In 1970, one of Shiro Kuramata’s most daring creations amazed the world with its unconventional form and apparently impossible lightness of form.
For two and a half decades, Shiro Kuramata created some of the most unusual and influential architectural interiors and pieces of furniture.
As head of Kuramata Design Office in Tokyo, which he founded in 1965, he found new applications for industrial materials such as wire mesh – and found fame in doing so.
He’s been credited with inventing a new design vocabulary, where pieces create a sensation of floating lines and weightlessness, of transparency and light.
His work forms part of the permanent collections of some of the world’s leading art and design museums, and his popularity and lasting influence has long been reflected in the prices that his pieces achieve at auction – such as the US$86,000 that his Miss Blanche chair fetched at a Christie’s auction back in 1990.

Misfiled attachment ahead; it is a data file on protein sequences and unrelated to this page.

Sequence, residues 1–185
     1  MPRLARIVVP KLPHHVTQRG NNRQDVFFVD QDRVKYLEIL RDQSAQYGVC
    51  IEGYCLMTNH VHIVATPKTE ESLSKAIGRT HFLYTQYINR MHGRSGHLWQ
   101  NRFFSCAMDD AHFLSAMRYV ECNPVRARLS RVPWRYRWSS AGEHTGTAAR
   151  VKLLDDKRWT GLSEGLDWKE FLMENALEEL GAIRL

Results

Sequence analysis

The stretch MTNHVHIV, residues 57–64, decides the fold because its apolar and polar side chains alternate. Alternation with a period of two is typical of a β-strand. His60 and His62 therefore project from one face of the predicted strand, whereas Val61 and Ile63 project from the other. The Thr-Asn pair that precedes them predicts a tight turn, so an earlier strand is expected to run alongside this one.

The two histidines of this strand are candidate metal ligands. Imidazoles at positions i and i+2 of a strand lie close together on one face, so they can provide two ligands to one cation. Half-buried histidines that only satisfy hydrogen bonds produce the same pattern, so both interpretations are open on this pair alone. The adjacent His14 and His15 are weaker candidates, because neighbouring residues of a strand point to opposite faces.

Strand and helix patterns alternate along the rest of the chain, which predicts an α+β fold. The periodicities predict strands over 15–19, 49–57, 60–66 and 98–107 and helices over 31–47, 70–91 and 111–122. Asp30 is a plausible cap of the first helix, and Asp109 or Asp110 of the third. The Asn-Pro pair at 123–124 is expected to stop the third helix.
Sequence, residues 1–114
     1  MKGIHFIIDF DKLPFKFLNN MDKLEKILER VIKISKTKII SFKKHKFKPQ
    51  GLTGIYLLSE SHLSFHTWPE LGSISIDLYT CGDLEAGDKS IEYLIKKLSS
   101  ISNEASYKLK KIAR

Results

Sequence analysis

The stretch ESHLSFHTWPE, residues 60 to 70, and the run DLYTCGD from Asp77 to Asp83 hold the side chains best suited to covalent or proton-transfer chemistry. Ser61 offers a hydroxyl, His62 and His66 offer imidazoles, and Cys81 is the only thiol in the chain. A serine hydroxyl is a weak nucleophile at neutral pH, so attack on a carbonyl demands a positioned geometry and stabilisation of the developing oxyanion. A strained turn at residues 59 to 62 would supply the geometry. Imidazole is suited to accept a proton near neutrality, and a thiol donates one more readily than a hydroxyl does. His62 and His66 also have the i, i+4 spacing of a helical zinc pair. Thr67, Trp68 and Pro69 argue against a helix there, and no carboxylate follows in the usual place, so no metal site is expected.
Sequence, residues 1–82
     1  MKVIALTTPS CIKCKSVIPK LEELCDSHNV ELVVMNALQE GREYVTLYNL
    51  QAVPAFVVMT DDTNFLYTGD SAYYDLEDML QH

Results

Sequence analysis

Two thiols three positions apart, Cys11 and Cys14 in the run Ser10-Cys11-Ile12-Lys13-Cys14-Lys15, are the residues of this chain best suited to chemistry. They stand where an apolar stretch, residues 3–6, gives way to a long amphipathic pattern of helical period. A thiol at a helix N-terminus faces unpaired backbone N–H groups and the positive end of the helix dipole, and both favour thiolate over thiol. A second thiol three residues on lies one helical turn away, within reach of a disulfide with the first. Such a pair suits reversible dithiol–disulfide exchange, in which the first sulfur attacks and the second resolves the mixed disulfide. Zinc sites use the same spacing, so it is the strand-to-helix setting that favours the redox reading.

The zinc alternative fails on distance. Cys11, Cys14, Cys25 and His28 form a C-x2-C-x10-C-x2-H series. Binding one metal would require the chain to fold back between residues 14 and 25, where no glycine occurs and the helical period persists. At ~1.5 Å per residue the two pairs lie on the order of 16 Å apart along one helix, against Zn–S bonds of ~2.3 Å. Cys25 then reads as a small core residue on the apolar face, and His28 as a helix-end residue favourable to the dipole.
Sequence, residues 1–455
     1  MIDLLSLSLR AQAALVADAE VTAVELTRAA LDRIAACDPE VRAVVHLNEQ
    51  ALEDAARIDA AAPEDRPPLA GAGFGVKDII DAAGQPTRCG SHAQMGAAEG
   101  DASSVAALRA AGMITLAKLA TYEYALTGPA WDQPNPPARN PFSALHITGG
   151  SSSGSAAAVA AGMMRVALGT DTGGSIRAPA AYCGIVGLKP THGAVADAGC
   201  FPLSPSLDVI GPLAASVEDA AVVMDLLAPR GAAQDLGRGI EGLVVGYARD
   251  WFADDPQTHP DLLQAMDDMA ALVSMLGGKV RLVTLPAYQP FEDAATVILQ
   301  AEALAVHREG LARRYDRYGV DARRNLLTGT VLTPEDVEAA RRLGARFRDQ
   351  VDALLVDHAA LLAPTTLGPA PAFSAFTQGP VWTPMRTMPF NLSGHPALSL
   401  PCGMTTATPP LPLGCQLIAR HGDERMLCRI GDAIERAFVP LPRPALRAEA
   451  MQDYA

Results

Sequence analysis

That was also the year that his enormous contribution to art and design was recognised by the government of France, who awarded him the prestigious Ordre des Arts et des Lettres just one year before he died.
It was back in 1970, however, that this Icon was created and wowed designers and consumers alike with its daring and utterly unconventional shape.
Furniture in Irregular Forms resulted from Kuramata’s experimentation during the 1960s and resembles a chest of drawers that’s been exposed to enough heat to make it start melting.
Two versions were produced: Side 1, with a wave-like curve from right to left and back again; and Side 2, whose sides were straight but had a front-back curve that was most obvious when viewed from the side.
Yet the bent shape does not create the impression of an object buckling under weight – rather of one that is reaching upwards, impossibly light in form.
And when Cappellini reissued Furniture in Irregular Forms in 1986, rejuvenated interest meant that a new generation could enjoy Kuramata’s immediately recognisable masterpiece. cappellini.it